Barn Owls do exactly what it says on the tin. They have evolved to be silent hunters and they do it with graceful efficiency. They possess, of course, impressive talons: four toes, three of which face forward when the bird is in flight and the uniquely flexible outer front toe on each foot can swivel round to face backwards when the bird is at rest. The bone structure in the Barn Owl's feet are also shorter and stronger than the equivalent bones in most other birds, giving this consummate hunter an advantage – these high-stress limbs can withstand the considerable relative force of an impact with its prey. But in these images, I've concentrated on body feathers and the organs that provide the owl with super-senses – its eyes and the ears. Compared to most birds, Barn Owls have a very low wing loading, meaning that relatively large wings support a relatively small body mass. Its feathers are very soft, another adaptation for quiet flight, and they are covered in a discreet layer of tiny hairs that trap air within the feather surface. In addition to these adaptations, the Barn Owl's foremost wing feather (the 10th primary) has a row of tiny hooks that help to deaden the sound of air hitting the wings' leading edge. Together, these adaptations mean almost silent flight is possible, allowing ambush by stealth twinned with the ability to detect the small sounds produced by their small mammal prey. In January, I found a dead, ringed Barn Owl on the farm on which I live and – once I had passed on details of the release data to the BTO – I took the opportunity to examine its unique auditory set-up. The owl's heart-shaped face – the equivalent of our outer ear – acts like a huge radar, picking up and directing even the most delicate sounds into the inner ear. And those inner ears – hidden beneath its head feathers and each of them different in shape and sited asymmetrically with one higher than the other – mean the bird can further compute the signals received to finesse its hunting plan. Then there are the eyes. Huge in comparison to the size of the head and twice as sensitive to light as our own eyes, the owl can hunt for prey in near darkness and, with details in what we would see as shadows, the bird can detect even the slightest movement in the blackness. A most beautiful killer…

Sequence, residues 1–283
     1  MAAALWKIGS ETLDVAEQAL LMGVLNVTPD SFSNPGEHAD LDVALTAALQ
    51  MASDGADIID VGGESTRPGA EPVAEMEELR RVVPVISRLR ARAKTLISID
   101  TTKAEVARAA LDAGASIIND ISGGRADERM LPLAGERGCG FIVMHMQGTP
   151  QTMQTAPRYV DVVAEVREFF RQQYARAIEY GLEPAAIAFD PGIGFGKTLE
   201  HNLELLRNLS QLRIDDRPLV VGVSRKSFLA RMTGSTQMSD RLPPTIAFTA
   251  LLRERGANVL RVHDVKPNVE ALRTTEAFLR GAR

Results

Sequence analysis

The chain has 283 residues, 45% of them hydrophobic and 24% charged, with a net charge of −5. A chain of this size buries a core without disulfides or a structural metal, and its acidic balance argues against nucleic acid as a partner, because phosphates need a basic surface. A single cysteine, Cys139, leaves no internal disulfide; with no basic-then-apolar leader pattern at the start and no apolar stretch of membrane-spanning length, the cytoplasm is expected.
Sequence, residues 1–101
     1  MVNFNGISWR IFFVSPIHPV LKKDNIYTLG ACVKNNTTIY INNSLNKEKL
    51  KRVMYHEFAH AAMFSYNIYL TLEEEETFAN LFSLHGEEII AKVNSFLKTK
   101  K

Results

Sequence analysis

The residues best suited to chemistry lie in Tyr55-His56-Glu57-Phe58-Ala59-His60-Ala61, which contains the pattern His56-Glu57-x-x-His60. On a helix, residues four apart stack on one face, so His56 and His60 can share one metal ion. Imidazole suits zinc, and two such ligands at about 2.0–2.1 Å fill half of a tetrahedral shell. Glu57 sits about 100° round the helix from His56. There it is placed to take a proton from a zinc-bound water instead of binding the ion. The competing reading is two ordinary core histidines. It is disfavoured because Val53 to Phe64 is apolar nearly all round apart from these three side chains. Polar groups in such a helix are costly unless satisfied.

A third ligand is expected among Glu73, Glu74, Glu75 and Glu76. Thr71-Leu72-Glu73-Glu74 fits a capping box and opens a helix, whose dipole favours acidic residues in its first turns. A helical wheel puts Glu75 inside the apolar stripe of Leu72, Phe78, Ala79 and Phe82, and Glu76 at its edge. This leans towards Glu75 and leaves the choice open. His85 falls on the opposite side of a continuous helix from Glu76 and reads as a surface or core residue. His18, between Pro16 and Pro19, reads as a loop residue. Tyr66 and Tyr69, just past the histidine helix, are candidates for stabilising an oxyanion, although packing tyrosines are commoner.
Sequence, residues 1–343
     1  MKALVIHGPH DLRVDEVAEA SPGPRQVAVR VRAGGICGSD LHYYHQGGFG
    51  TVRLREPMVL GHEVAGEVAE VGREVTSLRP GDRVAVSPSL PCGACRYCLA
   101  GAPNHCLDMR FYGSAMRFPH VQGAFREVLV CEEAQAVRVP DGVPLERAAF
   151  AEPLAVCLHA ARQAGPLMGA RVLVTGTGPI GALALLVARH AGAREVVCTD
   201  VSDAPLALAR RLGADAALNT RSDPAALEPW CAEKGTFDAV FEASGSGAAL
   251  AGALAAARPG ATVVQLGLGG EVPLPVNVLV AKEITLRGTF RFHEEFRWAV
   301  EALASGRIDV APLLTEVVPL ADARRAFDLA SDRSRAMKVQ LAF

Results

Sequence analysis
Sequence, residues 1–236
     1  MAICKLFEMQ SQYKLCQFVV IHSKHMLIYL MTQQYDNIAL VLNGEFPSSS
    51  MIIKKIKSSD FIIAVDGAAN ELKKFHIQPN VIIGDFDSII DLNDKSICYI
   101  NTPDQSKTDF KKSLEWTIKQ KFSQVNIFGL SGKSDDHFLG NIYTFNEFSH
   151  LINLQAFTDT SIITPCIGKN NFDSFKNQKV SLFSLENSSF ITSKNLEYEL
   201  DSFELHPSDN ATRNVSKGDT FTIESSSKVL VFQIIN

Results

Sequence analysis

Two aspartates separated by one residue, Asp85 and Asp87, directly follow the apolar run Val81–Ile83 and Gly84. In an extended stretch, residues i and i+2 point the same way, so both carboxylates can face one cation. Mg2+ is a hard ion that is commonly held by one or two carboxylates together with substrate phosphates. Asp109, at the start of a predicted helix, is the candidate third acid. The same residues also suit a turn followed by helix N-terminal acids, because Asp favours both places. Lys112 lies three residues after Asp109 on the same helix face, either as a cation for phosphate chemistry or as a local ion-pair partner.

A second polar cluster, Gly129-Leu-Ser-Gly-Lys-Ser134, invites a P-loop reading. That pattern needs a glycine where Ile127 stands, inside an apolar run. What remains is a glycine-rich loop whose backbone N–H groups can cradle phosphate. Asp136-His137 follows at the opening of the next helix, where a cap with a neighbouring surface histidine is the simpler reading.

Source: The Barn Owl Trust ( )

Canon 1Ds MkII, 1/640 sec, f/4, 180mm at ISO 500

Red Deer hinds

I was drawn to the two sets of two in this shot. The Red Deer hinds were on high alert, ears pricked up as they became aware of my presence, so I backed off a little. But not before noticing the two cock Pheasants walking across the shot.

Canon 1Ds MkII, 1/80 sec, f/8, 400mm at ISO 500

Tuesday, 15 February 2011

Long-tailed Tit and Blue Tit

Another one of those happy accidents that photography serves up every once in a while. This shot was taken on a gloomy day, with fast shutter speeds near impossible without considerable commensurate noise from a bumped up ISO. In the end I was shooting at 1/25 sec and not hoping for much. I was trying to capture a shot of this Long-tailed Tit sitting on a branch alongside a Blue Tit. Though they obliged by dwelling a while, even the slightest movement meant a blurred shot. The lack of sharpness on the Long-tailed Tit means this is no gallery image. But the framing of its body in the wing movement of the fleeing Blue Tit is a serendipitous composition.

Canon 1Ds MkII, 1/25 sec, f/8, 400mm at ISO 640


I make no apologies for including another brace of zoo images – partly because it's been so horribly grey here and I haven't been out shooting, but principally because these majestic creatures need all the help they can get. According to the WWF, three tiger sub-species – the Bali, Javan, and Caspian – have become extinct in the past 70 years. The six remaining sub-species – the Amur, Bengal, Indochinese, Malayan, South China, and Sumatran tigers – are all threatened by poaching and habitat loss. Indeed, in the last 100 years, tiger numbers have fallen by a staggering 95%, with only an estimated 3,200 now left in the wild. For more, visit